Date of Award
Master of Science (MS)
Dr. Harvey Siy
Dr. Robin Gandhi
Dr. Parvathi Chundi
Software maintenance takes two thirds of the life cycle of the project. Bug fixes are an important part of software maintenance. Bugs are tracked using online tools like Bugzilla. It has been noted that around 10% of fixes are buggy fixes. Many bugs are documented as fixed when they are not actually fixed, thus reducing the reliability of the software. The overlooked bugs are critical as they take more resources to fix when discovered, and since they are not documented, the reality is that defect are still present and reduce reliability of software. There have been very few studies in understanding these bugs. The best way to understand these bugs is to mine software repositories. To generalize findings we need a large number of bug information and a wide category of software projects. To solve the problem, a web crawler collected around a million bug reports from online repositories, and extracted important attributes of the bug reports. We selected four algorithms: Bayesian network, NaiveBayes, C4.5 decision tree, and Alternating decision tree. We achieved a decent amount of accuracy in predicting reopened bugs across a wide range of projects. Using AdaBoost, we analyzed the most important factors responsible for the bugs and categorized them in three categories of reputation of committer, complex units, and insufficient knowledge of defect.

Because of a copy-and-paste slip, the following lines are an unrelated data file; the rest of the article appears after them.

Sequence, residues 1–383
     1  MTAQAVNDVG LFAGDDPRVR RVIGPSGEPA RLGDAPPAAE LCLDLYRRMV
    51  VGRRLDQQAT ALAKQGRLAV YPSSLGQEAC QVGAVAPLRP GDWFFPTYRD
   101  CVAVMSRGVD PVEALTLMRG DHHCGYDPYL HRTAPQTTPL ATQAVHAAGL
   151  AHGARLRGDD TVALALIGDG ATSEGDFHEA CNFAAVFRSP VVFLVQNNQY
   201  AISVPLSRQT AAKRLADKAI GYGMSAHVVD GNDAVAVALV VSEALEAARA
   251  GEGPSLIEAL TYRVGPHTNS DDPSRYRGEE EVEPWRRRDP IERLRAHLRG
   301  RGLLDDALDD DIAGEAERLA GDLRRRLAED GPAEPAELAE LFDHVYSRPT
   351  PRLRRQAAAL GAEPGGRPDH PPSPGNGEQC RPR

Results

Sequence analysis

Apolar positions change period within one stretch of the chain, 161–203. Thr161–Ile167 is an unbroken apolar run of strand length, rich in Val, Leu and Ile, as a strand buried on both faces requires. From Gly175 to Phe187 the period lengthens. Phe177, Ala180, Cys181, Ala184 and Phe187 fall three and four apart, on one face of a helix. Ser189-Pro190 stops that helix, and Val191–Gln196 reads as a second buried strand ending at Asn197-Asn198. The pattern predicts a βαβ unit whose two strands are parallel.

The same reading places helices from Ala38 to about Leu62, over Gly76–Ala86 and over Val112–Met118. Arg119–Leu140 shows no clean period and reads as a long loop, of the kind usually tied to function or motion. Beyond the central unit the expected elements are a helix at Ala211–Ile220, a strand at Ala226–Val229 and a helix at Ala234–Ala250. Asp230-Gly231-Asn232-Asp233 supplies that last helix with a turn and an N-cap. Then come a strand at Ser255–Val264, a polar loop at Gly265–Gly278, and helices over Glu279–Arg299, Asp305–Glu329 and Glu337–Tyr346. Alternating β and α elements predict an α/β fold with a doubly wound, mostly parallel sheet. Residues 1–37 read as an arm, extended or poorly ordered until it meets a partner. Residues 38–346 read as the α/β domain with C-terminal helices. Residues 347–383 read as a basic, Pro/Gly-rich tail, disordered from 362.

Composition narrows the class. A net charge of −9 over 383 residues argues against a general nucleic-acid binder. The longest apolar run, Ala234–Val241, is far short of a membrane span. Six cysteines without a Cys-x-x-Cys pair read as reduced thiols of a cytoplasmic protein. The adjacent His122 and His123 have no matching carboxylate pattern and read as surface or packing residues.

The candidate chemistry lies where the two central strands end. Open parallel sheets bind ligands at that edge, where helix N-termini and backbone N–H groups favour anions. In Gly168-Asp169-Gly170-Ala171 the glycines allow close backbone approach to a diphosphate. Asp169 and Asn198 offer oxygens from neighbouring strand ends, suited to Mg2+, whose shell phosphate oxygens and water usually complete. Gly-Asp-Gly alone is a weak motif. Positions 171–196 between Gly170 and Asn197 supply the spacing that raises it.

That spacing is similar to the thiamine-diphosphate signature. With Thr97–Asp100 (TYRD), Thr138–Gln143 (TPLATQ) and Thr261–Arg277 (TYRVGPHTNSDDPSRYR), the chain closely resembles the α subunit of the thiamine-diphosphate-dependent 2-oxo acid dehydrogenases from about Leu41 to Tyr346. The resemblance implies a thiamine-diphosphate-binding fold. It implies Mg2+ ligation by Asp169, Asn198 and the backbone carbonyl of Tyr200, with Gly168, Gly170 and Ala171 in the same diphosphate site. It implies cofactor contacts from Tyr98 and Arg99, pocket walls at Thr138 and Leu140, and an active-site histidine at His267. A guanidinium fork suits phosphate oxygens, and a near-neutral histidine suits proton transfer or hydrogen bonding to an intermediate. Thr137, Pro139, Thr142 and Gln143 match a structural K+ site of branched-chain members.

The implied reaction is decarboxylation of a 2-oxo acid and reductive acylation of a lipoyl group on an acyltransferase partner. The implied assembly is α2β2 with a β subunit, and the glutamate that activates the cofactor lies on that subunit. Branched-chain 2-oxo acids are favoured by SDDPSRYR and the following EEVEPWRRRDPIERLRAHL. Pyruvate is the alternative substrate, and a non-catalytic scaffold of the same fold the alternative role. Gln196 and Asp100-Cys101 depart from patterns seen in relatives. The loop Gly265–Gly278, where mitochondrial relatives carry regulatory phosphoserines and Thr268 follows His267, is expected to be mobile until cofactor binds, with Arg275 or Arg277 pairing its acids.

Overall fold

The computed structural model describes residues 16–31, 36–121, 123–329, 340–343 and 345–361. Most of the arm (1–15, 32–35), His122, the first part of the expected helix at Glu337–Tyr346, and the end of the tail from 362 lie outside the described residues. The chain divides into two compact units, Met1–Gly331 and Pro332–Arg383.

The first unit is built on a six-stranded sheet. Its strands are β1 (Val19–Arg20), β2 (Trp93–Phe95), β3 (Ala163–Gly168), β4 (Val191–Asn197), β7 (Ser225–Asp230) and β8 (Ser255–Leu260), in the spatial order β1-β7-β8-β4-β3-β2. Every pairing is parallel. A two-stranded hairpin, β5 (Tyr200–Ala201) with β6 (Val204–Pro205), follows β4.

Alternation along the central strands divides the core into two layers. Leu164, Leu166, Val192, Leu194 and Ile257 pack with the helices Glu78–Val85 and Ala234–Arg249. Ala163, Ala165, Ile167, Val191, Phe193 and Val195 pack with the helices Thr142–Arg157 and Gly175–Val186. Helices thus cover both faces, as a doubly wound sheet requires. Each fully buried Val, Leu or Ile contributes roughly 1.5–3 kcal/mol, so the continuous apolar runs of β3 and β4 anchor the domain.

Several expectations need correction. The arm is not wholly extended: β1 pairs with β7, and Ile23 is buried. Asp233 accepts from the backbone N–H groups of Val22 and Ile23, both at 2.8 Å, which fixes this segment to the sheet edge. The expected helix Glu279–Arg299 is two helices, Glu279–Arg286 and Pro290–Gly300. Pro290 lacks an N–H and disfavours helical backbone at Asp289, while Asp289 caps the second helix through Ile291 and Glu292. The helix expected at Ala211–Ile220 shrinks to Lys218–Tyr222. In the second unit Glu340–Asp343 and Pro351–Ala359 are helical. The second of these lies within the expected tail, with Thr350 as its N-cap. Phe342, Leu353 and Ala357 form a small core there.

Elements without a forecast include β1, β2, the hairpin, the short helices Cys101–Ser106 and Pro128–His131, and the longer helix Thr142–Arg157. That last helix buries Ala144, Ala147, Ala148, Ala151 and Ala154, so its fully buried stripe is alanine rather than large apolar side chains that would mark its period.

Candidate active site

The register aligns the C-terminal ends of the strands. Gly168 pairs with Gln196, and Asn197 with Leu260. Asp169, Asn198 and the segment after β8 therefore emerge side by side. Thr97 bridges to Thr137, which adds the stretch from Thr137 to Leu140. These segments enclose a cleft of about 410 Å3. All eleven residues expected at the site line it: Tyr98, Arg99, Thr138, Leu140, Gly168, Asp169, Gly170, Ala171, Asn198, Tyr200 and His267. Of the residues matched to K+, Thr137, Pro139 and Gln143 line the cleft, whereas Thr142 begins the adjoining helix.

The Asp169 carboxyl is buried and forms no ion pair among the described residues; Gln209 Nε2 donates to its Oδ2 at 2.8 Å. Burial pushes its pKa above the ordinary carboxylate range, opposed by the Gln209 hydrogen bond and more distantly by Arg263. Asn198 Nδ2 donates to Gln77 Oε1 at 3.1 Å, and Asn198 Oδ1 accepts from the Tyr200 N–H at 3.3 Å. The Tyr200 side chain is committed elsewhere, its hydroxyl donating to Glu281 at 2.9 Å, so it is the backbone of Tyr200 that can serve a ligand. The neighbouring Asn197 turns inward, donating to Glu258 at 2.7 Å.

Gawade, Rishikesh, "Categorizing and predicting reopened bug reports to improve software reliability" (2013). Student Work. 2881.
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